Initially, we examined the images of the syringe pumpbased C-API spray located in the C-API capillary emitter by operating different voltages on the orifice of the mass spectrometer. The solvent of acetonitrile/water (1:1, v/v) was continuously introduced through the capillary at a flow rate of 75 μLh？1. Figures 1(A) to 1E present photographs of the syringe infusion spray of the mass spectrometer operating at electric voltages of 0, ？3000, ？4000, ？5000, and ？6000 V. No external electric connection was applied on the capillary emitter. Nevertheless, a Taylor cone was observed in the capillary outlet when the voltage was set to ？3000 V. When the voltage was set to ？4000 V, the Taylor cone became apparent, and a thin stream toward the front to the mass spectrometer was observed. As the voltage was set to ？5000 V and ？6000 V, the stream became very apparent. The Taylor cone and fine droplets were formed in this syringe infusion approach although no electric connection was applied to the capillary emitter, similar to our previous
[Figure 1.] Photographs of the C-API capillary emitter obtained by operating high voltages on the orifice of the mass spectrometer: (A) 0 V, (B) ？3000 V, (C) ？4000 V, (D) ？5000 V, and (E) ？6000 V. The flow rate was set to 75 μLh？1.
Figure 2(A) displays the positive ion C-API mass spectrum of arginine (10 μM, [M + H]+ = 175.3) infused by a syringe pump at a flow rate of 50 μLh？1. Figure 2(B) presents the C-API mass spectrum of aspartic acid (10 μM, [M ？ H] = 175.3) obtained in negative ion mode. The analytes were prepared in acetonitrile/deionized water (1:1, v/v). This syringe infusion setup can readily be used to conduct C-API-MS analysis. Furthermore, positive ions and negative ions can be readily detected by a mass spectrometer using the current setup.
We further used bradykinin as a sample to examine the feasibility of this new C-API approach for larger molecules. Bradykinin was prepared in acetonitrile/deionized water (1:1, v/v). Figure 3(A) displays the mass spectrum of bradykinin (10 nM) as the sample, which was injected at an infusion flow rate of 50 μLh？1 controlled by a syringe pump. The doubly charged ion peak of bradykinin at m/z 530.8 dominated the mass spectrum. Although the concentration of bradykinin used for the experiment was quite low, background ions were barely seen in the mass spectrum.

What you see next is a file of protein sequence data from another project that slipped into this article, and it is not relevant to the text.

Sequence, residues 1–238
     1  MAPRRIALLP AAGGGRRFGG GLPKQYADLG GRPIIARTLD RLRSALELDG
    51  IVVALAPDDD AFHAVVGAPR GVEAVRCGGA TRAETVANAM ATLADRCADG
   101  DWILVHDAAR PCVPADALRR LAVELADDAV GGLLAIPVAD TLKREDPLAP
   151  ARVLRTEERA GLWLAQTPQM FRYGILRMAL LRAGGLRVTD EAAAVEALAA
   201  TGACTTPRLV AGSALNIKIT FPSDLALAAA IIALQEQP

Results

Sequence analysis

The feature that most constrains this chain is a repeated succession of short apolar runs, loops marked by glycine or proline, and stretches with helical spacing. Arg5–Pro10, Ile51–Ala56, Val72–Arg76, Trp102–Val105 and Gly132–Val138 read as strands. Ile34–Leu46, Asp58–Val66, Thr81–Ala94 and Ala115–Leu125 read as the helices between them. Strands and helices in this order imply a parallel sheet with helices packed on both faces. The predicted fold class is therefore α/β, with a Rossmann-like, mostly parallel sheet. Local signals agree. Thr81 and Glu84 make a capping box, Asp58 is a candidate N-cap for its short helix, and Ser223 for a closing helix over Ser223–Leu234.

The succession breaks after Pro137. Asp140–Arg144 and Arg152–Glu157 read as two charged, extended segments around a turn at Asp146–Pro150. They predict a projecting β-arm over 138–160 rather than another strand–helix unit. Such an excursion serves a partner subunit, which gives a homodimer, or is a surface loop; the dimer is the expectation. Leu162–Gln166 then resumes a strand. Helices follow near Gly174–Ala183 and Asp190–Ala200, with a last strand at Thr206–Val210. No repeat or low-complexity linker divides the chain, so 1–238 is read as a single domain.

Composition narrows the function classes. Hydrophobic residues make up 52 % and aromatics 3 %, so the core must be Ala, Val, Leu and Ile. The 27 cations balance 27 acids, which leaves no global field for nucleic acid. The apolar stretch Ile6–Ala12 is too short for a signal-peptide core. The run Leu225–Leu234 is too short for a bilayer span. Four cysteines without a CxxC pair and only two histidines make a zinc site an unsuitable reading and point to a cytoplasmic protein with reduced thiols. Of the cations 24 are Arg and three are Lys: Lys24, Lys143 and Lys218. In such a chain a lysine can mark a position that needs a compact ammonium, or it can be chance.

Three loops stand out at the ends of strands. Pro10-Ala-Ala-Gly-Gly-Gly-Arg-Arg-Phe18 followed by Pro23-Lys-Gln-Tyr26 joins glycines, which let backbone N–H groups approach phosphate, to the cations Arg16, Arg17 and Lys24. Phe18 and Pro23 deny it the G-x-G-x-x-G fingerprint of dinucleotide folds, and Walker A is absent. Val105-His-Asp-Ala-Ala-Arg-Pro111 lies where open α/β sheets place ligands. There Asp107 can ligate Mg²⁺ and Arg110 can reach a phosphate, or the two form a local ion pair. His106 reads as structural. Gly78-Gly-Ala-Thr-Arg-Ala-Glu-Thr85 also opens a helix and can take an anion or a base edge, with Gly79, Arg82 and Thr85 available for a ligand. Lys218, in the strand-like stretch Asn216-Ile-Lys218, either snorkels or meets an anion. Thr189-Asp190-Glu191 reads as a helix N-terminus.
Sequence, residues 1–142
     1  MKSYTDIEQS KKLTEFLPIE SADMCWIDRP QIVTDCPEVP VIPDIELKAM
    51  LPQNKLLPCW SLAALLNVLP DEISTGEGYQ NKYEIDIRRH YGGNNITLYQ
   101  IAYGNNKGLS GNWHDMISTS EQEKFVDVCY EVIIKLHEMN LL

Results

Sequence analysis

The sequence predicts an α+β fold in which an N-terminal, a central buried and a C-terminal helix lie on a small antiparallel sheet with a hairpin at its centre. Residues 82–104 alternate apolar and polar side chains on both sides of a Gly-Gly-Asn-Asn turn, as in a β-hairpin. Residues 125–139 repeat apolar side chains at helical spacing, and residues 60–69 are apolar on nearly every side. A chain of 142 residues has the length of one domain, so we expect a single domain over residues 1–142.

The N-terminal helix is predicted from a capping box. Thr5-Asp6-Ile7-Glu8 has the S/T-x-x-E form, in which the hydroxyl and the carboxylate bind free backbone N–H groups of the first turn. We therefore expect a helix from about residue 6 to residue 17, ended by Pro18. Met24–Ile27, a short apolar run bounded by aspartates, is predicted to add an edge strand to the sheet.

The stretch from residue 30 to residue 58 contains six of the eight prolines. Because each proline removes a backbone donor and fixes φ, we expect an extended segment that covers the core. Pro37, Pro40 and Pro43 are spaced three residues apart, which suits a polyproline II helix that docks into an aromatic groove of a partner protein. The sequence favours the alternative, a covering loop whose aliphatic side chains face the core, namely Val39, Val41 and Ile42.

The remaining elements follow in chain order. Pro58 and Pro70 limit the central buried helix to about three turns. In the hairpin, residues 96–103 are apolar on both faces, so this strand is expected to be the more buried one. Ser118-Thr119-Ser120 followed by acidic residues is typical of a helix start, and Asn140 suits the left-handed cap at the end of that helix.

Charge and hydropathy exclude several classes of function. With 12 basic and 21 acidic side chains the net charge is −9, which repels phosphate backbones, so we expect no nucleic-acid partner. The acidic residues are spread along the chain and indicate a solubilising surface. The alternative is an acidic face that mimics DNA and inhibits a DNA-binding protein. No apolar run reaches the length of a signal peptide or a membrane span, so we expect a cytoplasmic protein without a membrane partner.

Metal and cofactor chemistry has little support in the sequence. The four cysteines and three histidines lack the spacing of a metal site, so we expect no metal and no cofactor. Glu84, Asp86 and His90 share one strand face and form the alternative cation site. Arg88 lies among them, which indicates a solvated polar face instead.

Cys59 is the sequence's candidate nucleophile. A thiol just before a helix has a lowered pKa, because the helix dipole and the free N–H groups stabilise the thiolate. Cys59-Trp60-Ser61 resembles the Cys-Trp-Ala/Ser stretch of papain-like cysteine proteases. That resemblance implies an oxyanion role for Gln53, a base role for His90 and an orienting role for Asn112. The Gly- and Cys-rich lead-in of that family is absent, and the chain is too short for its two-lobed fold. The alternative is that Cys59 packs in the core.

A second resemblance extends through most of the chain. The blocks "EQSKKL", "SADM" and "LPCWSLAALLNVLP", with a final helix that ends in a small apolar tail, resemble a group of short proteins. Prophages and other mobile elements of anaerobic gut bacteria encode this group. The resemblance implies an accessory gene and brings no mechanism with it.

[Figure 2.] C-API mass spectra of arginine ([M + H]+ = 175.3, 10 μM) obtained in positive ion mode and aspartic acid ([M-H]？ = 132.0, 10 μM) obtained in negative ion mode. The analytes were prepared in acetonitrile/deionized water (1:1, v/v). The flow rate was set to 50 μLh？1.
[Figure 3.] (A) C-API mass spectrum of bradykinin. The flow rate was set to 50 μLh？1. (B) ESI mass spectrum of bradykinin. Bradykinin (10 nM) was prepared in acetonitrile/deionized water (1:1, v/v). The flow rate was set to 240 μLh？1.
Furthermore, the background ion peaks were fewer than those obtained from ESI using the same sample (Figure 3(B)). The flow rate was 240 μLh？1 when conducting the ESI MS analysis. The signal to noise ratio (S/N) at m/z 530.8 was ~3238 in Figure 3(A) and ~2425 in Figure 3(B). Thus, we estimated that the limit of detection of bradykinin is ~10 pM in C-API-MS, slightly lower than that estimated for ESI-MS (~12 pM) according to S/N 3. These results indicate that the proposed approach can be used to analyze analytes such as peptides. The background in the C-API
[Figure 4.] C-API mass spectra of (A) insulin (MW= 5807 Da), (B) cytochrome c (MW= 12230 Da), and (C) myoglobin (MW= 16950 Da). These protein samples (1 μM) were prepared in acetonitrile/0.5% acetic acid (1:1, v/v). The flow rate was set to 50 μLh？1.
mass spectra was relatively low compared with that obtained in the conventional ESI approach. The low background may result from the absence of an external electric connection applied to the capillary emitter of the CAPI setup. Thus, solvent background generated from electrochemical oxidation/ reduction can be reduced.
Additionally, we examined the feasibility of employing the current approach for the analysis of proteins. Figures 4(A) to 4(C) show the C-API mass spectra of insulin (1 μM), cytochrome c (1 μM), and myoglobin (1 μM) by directly infusing the sample from a tapered capillary controlled by a syringe pump (50 μLh？1). Proteins were dissolved in acetonitrile/0.5% acetic acid (1:1, v/v). Figure 4 shows that the multiply charged ions of proteins dominated all of the mass spectra. The mass spectral profiles resembled those obtained from the ESI-MS approach because the ionization process in C-API is similar to that of ESI. These results indicate that our current approach is also suitable for large molecules, such as proteins.
We also studied the optimized experimental parameters of the C-API approach using bradykinin as the sample. Figure 5(A) shows the S/N plot of the doubly charged ions of bradykinin at m/z 530.8 versus the voltage applied on the orifice of the mass spectrometer. The optimized result was obtained when the voltage was set to ？4000 V in positive ion mode. When the voltage was further increased, the S/N